Monaco Grand Prix 2015: Lewis Hamilton finally masters Monte Carlo to seize pole as Nico Rosberg cracks under pressure

Hamilton secures his first ever Monaco pole with Sebastian Vettel starting third for Sunday's grand prix

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Jenson Button won here in his 2009 world championship season, yet the 35-year-old says it wasn’t so much his victory as his pole position that was so important to him.

“As we all know, it’s very difficult to overtake here,” he said. “So Saturday is probably more important than Sunday. That was the most important pole position I’ve ever had, and what really made my weekend.”

Lewis Hamilton, chasing a second win here to bring himself equal with Mercedes team-mate Nico Rosberg, his conqueror here for the past two seasons, agreed as he took his first F1 pole in the Principality. “Qualifying is everything. I tried everything to overtake Nico here last year. And unless you’re seconds faster than the car in front, it’s very, very hard to do that.”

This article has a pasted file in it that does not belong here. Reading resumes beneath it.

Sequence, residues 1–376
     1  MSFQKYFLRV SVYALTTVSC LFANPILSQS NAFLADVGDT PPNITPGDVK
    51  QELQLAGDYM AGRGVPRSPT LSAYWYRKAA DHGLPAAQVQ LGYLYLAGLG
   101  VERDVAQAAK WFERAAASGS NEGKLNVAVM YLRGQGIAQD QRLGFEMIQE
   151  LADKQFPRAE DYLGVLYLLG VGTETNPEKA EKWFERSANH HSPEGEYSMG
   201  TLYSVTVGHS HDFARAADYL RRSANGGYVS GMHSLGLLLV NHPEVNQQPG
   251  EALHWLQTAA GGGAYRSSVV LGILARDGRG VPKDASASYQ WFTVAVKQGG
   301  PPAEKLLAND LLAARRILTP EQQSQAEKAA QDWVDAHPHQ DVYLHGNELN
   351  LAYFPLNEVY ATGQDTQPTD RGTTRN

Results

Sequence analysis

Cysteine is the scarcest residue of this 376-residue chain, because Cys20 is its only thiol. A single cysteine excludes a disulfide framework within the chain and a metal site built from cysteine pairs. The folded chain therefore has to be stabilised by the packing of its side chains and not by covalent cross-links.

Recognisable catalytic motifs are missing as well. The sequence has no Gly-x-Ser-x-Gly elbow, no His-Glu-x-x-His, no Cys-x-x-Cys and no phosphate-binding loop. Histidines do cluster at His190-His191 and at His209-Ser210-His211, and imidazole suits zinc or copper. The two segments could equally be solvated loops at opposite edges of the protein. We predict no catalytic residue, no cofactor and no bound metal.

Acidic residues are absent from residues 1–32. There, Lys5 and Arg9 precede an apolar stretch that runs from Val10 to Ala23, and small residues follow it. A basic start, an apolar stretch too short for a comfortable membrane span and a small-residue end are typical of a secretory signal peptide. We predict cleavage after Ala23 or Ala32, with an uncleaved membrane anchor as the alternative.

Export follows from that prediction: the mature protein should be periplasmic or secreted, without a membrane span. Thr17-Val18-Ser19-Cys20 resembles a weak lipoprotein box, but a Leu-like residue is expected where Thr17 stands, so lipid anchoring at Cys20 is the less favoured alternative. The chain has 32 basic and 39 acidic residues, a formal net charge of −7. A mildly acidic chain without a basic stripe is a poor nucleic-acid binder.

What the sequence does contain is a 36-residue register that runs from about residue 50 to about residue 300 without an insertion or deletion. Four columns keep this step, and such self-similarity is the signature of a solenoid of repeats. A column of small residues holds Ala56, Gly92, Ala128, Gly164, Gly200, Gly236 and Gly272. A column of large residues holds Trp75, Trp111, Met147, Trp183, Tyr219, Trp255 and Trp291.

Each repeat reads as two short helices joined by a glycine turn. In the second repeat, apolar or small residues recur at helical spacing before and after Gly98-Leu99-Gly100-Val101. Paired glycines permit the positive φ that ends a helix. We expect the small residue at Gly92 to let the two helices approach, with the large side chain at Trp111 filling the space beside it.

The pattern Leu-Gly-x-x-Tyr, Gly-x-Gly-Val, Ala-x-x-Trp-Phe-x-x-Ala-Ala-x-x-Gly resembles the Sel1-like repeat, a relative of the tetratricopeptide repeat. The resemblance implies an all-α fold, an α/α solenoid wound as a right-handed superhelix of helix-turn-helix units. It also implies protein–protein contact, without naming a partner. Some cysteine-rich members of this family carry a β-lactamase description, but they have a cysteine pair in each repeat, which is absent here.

So how does it feel just before the drivers head out for these crucial qualifying sessions? Double world champion Mika Hakkinen, who won here for McLaren in 1998 after a fierce battle with team-mate David Coulthard, gave a graphic illustration of his mindset then.

“I remember the qualifying hour vividly. The track was becoming faster with every lap. I would put in a quick one, and then David would beat my time. I would dig a bit deeper, and then, again, David would find another tenth.